In forty minutes, I had pocketed the equivalent of three months’ salary of a worker at Pirelli, and I had also helped to finance a political movement, contributing to the chaos, if not changing society. We celebrated this success in Il toro bravo, a typical Spanish restaurant on the Porta Garibaldi, ordering the most costly specialties without minding the tally, happy as children who had stolen plums. Fresh wine, straight from the cask, flowed like water, and it didn’t seem necessary to us to stop gulping down tequila with lemon until the bottle was empty. In the end, we were completely drunk and, on orders from Roberto, we intoned the song “Figli dell’Officina” at the top of our lungs, watched by the amused night owls of the Moscatelli brigade. (Not Moscatelli, a member of the Resistance, but simply the regulars at a restaurant of the same name that was open until very late at night.)
The extreme Left grew day by day, and became a presence that even the most distracted observer couldn’t ignore. The confrontations with the police, the strike pickets in front of the factories, the occupations of buildings and schools became part of everyday life. Antonio and I lived at the margins of this experience, distrustful of all the Northerners. Roberto, on the other hand, threw himself into it completely, even trying to convince us that the moment for a general uprising was near. Carried away by this obsession, he rather suddenly announced to us that it was essential to build a Marxist-Leninist party (he estimated that anarchism had been surpassed). To prove the seriousness of his intentions, he shaved his beard and cut his hair. In the motley community of the Commercio, there were many who thought as Roberto did, but before there were real fights the authorities evacuated the building by force, and our protests didn’t do much to stop it. Despite indignant and bloodthirsty declarations, we all found ourselves in the street again.
After five successful robberies and under the weight of the events and individual choices, our trio broke up. Roberto got into trouble because of a bastard who had mentioned him in a story about explosives, though Roberto wasn’t involved. His arrest put an end to our collaboration, and he spent a year in prison before his innocence was recognized. Antonio was no longer happy robbing post offices, and he tried to drag me into bigger heists, but I refused and we fought about it. Several months later, he was arrested in a bank in Varese, in the company of a Venetian, both of them armed with machine guns and bombs. I once again found myself all alone, and the police were watching me. I knew that the cops knew and were waiting me to make for a false move. Moreover, I wanted to marry a Sicilian woman who seemed well suited to share my life with me. Having no other opportunities, I took my courage in hand, jumped into the ditch and, in the hope being forgotten, I took work for three months as a seasonal worker at the Motta [cake] factory.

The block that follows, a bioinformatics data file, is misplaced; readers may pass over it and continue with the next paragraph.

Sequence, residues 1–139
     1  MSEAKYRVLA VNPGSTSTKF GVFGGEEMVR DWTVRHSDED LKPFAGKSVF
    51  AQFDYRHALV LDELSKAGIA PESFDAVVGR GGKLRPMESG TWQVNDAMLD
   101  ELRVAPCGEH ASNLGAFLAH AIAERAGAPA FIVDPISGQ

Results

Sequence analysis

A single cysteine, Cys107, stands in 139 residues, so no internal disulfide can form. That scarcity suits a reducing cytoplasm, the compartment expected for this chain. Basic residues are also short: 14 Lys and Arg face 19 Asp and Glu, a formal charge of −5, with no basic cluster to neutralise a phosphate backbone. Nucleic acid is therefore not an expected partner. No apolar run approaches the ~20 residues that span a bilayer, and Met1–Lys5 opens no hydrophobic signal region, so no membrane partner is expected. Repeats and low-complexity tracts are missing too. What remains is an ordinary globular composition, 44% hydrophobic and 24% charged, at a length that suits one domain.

Milan changed before my eyes, but I didn’t realize it. I had lived as rebel outcast during a hot autumn, and I wasn’t even aware that I’d actively participated, not only in the profound transformation of society, but of myself, as well. I did not realize the decisive influence that the joyous carnival of the Hotel Commercio had exerted on me or that Roberto’s style had marked my character. Damaging the mechanisms of power possessed a discreet charm that had conquered me; it was impossible for me to once again become a simple petty crook, as my break with Antonio had demonstrated.
The day that I headed to a factory for the first time in my life, spring exploded. The intense odor of the linden tress filled the entire city, especially during the early hours of the morning, when the air was still light. As it would have been in bad taste to go to the factory in my old BMW, I used public transportation to go from Baggio, where I slept at the house of some friends, to the Viale Corsica. The three cars of the train I took were packed full; I did not know my way around crowds of workers nor how they found the energy to reciprocally exchange such elbow jabs. My senses were oppressed to the point of nausea by all that human flesh crammed into such a small space, and I had a powerful desire to cry out that we were all slaves.
I sought refuge by putting my nose close to the neck of an employee who was intent upon reading the sports pages of the Corriere and by breathing in the smell of his plentiful aftershave. I was certainly bothering him, but he didn’t dare protest. I got off two stops before mine, not only to regain a little energy, but also to have the feeling of still being able to be my own boss, to not be completely automated. I continued strolling until I reached my little-desired destination.